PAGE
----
(Early) life stress, brain development and ageing
Professor Bea Van den Bergh and Professor Katri Räikkönen present:
A symposium on methods in measuring cognition and brain function throughout life.
Tilburg University, Tilburg, the Netherlands, March 2nd, 2011
At this symposium internationally well known researchers and clinicians will present and discuss how human brain development/ageing and cognitive function can be measured with specific methods throughout life, from fetal life until old age. In addition, empirical evidence of lifelong programming of human brain development/ageing and cognitive function by (early) life stress, in interaction with genetic and epigenetic factors will be presented. The symposium consists of two parts: part one covers the early life period and part two focuses on adulthood and old age. The life span view we propose is vital in the developmental programming research and with our symposium we want to promote this view. It is important to note that most presentations will focus on methods that can be used within as well as outside clinical context in smaller or large cohort follow-up studies. All invited speakers are outstanding experts in the field of cognition and/or brain function.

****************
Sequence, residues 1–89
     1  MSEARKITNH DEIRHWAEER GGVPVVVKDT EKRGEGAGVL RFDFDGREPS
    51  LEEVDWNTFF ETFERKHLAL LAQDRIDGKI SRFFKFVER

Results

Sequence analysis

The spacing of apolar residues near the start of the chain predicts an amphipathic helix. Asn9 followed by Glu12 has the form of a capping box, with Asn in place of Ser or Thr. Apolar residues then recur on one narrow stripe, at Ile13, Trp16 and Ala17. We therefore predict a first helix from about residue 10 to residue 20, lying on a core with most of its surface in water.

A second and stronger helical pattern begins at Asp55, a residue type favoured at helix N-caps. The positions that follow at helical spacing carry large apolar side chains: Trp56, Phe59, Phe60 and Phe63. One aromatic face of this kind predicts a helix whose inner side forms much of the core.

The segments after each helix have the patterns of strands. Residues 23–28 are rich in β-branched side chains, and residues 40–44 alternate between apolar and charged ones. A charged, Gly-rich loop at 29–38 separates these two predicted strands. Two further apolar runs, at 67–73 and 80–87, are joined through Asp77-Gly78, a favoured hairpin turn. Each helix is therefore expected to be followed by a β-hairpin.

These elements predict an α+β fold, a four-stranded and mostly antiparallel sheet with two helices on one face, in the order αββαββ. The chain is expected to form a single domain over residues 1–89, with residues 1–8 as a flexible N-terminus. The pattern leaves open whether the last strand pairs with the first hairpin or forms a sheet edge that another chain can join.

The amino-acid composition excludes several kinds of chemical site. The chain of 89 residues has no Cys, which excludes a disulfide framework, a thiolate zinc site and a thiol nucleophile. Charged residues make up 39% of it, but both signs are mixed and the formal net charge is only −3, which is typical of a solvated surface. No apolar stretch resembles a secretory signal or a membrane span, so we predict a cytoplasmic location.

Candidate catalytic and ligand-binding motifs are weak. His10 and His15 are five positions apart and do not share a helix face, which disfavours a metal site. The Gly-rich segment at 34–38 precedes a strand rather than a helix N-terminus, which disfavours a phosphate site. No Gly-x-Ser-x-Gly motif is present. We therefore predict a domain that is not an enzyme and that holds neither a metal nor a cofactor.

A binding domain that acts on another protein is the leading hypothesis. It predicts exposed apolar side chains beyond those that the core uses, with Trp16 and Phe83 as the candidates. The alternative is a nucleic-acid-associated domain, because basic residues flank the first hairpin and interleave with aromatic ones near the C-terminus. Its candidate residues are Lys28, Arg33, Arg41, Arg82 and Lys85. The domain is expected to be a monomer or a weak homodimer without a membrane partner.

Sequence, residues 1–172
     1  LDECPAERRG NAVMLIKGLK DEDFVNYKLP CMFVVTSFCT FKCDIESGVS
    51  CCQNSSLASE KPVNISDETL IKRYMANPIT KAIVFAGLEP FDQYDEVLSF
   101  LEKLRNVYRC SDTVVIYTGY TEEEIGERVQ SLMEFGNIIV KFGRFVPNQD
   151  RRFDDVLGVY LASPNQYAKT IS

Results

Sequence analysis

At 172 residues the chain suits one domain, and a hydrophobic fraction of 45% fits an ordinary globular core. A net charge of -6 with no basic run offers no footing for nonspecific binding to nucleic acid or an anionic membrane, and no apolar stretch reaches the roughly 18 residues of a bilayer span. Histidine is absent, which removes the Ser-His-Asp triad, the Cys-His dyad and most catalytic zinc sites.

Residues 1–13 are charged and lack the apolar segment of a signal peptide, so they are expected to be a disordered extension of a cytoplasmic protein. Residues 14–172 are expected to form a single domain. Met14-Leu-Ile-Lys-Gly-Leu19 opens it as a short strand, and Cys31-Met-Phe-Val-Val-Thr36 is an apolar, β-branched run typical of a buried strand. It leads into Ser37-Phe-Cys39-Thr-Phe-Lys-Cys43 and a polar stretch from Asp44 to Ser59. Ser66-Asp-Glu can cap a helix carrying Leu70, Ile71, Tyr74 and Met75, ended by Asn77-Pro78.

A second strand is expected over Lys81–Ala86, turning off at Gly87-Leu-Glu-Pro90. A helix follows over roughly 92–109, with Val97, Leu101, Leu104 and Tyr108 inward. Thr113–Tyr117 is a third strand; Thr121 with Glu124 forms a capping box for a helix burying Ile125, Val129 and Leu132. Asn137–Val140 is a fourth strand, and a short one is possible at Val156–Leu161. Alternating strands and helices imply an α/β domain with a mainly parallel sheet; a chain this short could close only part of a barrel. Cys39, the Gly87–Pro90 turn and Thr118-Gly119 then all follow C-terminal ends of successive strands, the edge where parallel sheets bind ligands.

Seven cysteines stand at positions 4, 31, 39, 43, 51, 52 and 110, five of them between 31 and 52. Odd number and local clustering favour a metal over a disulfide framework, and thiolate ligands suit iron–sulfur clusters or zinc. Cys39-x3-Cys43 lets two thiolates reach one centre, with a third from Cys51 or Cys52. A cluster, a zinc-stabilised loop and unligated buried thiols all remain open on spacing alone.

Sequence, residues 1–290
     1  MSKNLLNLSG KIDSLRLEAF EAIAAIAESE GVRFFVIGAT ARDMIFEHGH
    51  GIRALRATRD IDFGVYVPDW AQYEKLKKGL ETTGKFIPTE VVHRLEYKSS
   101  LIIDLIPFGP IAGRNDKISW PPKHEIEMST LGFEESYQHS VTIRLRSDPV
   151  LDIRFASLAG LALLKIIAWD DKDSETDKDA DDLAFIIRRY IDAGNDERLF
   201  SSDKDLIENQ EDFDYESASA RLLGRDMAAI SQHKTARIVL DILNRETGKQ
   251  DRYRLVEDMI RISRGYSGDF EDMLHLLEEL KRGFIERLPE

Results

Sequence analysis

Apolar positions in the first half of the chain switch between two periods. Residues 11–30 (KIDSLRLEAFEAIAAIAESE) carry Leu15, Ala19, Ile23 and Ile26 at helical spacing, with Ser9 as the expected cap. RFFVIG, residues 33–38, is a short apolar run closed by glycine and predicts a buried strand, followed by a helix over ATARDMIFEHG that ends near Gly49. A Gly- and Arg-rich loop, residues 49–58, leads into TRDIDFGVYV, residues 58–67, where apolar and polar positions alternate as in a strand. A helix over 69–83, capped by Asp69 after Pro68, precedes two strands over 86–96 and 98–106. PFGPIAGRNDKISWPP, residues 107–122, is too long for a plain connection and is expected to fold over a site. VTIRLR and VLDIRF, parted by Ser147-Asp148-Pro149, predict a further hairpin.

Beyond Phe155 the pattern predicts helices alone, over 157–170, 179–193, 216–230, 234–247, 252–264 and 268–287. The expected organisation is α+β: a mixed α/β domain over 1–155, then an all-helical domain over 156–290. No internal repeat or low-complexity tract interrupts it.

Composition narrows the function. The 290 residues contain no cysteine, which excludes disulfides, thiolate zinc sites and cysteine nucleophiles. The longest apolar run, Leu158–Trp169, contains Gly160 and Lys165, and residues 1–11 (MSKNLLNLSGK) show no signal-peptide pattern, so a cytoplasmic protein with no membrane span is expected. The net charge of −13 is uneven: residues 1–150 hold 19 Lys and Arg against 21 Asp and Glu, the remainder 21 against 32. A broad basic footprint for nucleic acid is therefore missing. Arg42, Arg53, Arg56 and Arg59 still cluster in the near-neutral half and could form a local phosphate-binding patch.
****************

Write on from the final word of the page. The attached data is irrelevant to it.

To view the program and a list of speakers please download our program.
|Date:||Wednesday 2nd March|
|Time:||09:00 – 18:00pm|
5037 AB Tilburg
|Registration||Registration before February 23rd 2011 is obliged.|
|Participation fee:||€ 80|
|VNOP members/Tilburg University participants:||€ 50|
After completing your registration please pay the appropriate registration fee (provide name and payment reference code: 8414.4549) into:
Account number: 188.8.131.523
Account name: Tilburg University
P.O. Box 90153
5000 LE Tilburg
IBAN number: NL53ABNA0603249493
SWIFT/BIC code: ABNANL2A
Cancellations are non-refundable.
- Website babylab
- Website sectie ontwikkelingspsychologie
- Website European Science Foundation (ESF)
- Website Vereniging Nederlandse OntwikkelingsPsychologie
- Website International Society for Developmental Origins of Health and Disease (DOHaD)